Super Bowl: American's teams play at home of America's Team
By Berry Tramel
America’s Team is hosting the Super Bowl. Which will match America’s teams.
Green Bay Packers vs. Pittsburgh Steelers. Football’s most popular franchises.
Sorry, Dallas Cowboys. Your reign is long gone. No one remembers who shot J.R. Ewing. Every team has cheerleaders dressed for the beach. Americans no longer trust their car or their football fortunes to the men who wear the star.
The Packers and Steelers, that’s where true football fanaticism can be found in the 21st century. Geography remains primary factor in NFL devotion. But discounting mailing addresses, the ‘Pack and the Steel Men are the teams that inspire passion.
In sleepy Southern towns and New England villages, Northern gothams and coastal hamlets, Rocky Mountain outposts and Oklahoma county seats, fans of the Packers and Steelers abound.
You can thank the Packers’ glorious ‘60s and Brett Favre, the Steelers’ dominant ‘70s and Troy Polamalu. These are epic franchises that followed their salad days with renaissance eras.
And now they meet Feb. 6 in Arlington, in the best matchup we could have asked for, maybe the most tradition-rich Super Bowl ever, or least since Barry Switzer’s Dallas-Pittsburgh showdown in the desert 15 years ago.
Did you catch the phrase? Tradition. We don’t use it much in pro football vernacular. It’s a college term. But it fits here.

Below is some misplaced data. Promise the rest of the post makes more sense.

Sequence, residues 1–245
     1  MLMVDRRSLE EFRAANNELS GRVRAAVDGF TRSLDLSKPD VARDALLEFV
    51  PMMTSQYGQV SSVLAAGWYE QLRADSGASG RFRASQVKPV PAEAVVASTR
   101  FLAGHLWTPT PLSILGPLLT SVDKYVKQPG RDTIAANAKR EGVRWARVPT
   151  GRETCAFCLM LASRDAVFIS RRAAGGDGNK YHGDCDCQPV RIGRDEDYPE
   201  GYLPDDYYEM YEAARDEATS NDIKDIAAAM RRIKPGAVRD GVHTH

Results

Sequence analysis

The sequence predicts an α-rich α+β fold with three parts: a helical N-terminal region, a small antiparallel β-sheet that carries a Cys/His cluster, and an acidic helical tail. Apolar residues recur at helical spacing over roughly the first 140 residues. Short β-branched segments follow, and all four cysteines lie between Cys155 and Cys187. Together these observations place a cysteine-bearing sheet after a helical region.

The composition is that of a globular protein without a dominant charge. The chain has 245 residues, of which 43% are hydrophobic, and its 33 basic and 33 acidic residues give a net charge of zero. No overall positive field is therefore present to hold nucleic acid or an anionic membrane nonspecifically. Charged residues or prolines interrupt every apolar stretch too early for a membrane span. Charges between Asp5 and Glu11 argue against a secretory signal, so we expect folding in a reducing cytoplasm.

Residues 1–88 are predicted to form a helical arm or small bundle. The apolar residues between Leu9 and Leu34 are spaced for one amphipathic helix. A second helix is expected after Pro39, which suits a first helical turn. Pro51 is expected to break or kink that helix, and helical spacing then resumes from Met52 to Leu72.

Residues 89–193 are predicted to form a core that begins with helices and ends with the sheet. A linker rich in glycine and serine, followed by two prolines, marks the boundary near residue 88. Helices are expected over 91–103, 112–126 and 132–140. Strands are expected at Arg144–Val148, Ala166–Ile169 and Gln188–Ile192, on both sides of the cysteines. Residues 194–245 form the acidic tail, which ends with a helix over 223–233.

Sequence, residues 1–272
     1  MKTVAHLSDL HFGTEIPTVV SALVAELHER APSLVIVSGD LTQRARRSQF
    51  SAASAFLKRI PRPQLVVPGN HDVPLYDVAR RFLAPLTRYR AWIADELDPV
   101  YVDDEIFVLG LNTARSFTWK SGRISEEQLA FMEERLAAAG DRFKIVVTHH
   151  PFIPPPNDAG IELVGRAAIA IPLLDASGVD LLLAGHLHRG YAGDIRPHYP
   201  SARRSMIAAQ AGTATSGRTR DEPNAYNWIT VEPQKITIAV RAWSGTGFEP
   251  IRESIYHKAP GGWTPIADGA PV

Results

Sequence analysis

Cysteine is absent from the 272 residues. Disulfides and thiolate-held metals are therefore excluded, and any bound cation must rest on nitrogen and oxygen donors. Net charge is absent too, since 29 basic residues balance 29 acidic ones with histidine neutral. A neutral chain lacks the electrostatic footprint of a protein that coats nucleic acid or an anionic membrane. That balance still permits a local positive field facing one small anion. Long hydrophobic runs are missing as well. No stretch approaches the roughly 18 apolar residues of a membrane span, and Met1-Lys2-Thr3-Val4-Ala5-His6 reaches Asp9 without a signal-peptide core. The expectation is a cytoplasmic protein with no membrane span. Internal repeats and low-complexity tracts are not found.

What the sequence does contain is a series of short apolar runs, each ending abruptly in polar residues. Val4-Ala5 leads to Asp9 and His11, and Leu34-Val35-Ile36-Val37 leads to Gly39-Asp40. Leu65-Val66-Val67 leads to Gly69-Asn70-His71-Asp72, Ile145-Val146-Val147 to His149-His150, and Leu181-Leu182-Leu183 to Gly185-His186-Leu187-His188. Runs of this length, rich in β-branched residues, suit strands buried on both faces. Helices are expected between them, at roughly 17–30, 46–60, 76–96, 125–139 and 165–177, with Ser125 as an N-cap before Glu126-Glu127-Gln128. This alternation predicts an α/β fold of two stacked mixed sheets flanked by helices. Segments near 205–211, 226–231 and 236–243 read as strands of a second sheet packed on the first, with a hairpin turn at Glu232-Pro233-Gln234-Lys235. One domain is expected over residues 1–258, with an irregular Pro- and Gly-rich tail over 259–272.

The Packers, the franchise of Curly Lambeau and Vince Lombardi. The Steelers, the franchise of Art Rooney and Chuck Noll. That’s tradition.
And they come from real football towns, too. No roofs on the stadiums in Green Bay or Pittsburgh. No pretty boys on the roster.
These teams qualified for JerryWorld with conference championship victories Sunday, the Packers in 18-degree weather in Chicago, the Steelers in 15-degree weather in Pittsburgh. No climate-control football for these franchises. Climate-out-of-control is perfectly fine with them.
Which is more of their charm. Two unassuming cities, Green Bay and Pittsburgh.
Green Bay is America’s smallest major league market, with barely more than 300,000 people. It’s a little bit bigger than Lubbock.
And Pittsburgh might be the least-pretentious major American city.
We haven’t even gotten to this particular football matchup — Aaron Rodgers vs. James Harrison; Ben Roethlisberger vs. Charles Woodson — which is what the next two weeks are for.
For now, Super Bowl 45 should be celebrated for its historic matchup.
Pittsburgh’s 24-19 survival of the Jets on Sunday gave the Steelers 33 playoff victories, matching the Cowboys for the most in league history. Green Bay is third, with 28.
The Steelers, the Packers, the Cowboys. Together again. But only two get to play in this Super Bowl.
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